Thomas Gainsborough (christened May 14, 1727 — August 2, 1788) was one of the most famous portrait and landscape painters’ etcher and draughtsman of 18th century Britain.
In London he first trained under engraver Hubert Gravelot but eventually became associated with William Hogarth and his school. Year later he would work in executing a small numbers of original etched work of landscape studies.
One of his mentors was Francis Hayman. In those years he contributed to the decoration of what is now the Thomas Coram Foundation for Children and the supper boxes at Vauxhall Gardens.
In the 1740s, Gainsborough married Margaret Burr, an illegitimate daughter of the Duke of Beaufort, who settled a £200 annuity on the couple. The artist’s work, then mainly composed of landscape paintings, was not selling very well. He returned to Sudbury in 1748—1749 and concentrated on the painting of portraits.
In 1752, he and his family, now including two daughters, moved to Ipswich. Commissions for personal portraits increased, but his clientele included mainly local merchants and squires. He had to borrow against his wife’s annuity.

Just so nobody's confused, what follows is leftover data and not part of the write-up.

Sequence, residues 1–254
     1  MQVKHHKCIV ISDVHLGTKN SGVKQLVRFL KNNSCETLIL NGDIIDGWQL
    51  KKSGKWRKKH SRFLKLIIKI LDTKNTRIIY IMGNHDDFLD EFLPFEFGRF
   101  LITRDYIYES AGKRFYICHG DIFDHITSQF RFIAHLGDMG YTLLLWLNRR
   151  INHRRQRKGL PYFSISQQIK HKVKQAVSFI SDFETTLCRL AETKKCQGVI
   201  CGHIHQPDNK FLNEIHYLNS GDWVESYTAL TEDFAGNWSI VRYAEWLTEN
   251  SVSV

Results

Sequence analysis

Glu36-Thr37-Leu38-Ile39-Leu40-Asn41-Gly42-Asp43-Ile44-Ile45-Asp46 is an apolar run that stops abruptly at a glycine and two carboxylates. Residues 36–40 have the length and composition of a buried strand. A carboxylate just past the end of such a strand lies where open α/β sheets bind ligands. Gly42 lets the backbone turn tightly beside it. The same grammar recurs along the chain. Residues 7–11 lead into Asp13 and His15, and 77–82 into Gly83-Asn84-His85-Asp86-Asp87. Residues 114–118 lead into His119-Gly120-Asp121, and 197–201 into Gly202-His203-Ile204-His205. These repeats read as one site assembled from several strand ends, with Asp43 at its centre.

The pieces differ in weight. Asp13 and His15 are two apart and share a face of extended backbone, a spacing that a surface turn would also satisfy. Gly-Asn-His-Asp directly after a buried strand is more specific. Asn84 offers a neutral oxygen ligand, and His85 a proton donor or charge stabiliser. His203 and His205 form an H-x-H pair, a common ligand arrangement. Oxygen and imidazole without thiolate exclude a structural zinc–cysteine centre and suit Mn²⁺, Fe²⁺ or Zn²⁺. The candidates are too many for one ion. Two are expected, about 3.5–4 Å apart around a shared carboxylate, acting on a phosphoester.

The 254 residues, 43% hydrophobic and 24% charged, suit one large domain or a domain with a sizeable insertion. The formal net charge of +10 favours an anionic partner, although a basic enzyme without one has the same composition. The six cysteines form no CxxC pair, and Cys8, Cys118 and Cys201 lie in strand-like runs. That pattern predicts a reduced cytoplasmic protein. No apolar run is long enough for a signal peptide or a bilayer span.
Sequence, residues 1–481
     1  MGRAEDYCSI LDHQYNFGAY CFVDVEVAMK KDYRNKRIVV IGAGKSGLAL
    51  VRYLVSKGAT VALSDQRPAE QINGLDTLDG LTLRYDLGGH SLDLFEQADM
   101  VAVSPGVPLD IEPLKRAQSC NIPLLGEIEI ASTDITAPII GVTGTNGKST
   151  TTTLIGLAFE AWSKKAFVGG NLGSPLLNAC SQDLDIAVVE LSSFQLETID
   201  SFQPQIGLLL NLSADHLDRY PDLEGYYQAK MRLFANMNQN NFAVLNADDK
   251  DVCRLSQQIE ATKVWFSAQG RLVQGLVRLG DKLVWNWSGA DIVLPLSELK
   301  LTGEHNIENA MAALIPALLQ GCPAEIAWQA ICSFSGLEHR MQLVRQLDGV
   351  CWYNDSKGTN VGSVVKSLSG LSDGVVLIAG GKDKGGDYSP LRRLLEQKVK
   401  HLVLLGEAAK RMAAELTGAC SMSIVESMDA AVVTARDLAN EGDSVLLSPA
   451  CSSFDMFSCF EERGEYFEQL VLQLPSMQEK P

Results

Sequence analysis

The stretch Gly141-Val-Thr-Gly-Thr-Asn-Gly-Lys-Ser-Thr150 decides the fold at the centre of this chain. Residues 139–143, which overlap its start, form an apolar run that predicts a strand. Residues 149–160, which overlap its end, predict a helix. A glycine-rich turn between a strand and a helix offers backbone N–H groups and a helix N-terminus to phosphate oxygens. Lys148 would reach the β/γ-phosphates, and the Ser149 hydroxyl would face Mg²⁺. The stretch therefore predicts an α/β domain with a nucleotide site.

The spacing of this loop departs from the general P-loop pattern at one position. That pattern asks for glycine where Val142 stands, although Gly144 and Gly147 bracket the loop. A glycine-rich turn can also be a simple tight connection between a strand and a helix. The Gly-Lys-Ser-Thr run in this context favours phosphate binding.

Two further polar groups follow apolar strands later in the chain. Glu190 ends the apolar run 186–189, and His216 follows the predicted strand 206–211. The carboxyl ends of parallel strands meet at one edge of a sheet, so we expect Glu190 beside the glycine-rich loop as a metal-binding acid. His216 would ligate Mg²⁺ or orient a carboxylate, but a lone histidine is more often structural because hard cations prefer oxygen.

Thomas Gainsborough “Study of a Landscape Sketch” Etching-Aquatint. Published by Laporte, 1802. A COLLECTION OF PRINTS, ILLUSTRATIVE OF ENGLISH SCENERY; From the Drawings and Sketches of Gainsborough: In the various Collections of the Right Honorable Baroness Lucas; Viscount Palmerston; George Hibbert, Esq., Dr. Monro, and several other Gentlemen. [London:] W. F. Wells, and J. LaPorte, [ca. 1802].
This rare and beautiful work is 8 by 10.25 inches, inscribed below the engraved work and in good good-un washed condition. Printed on antique Vellum paper.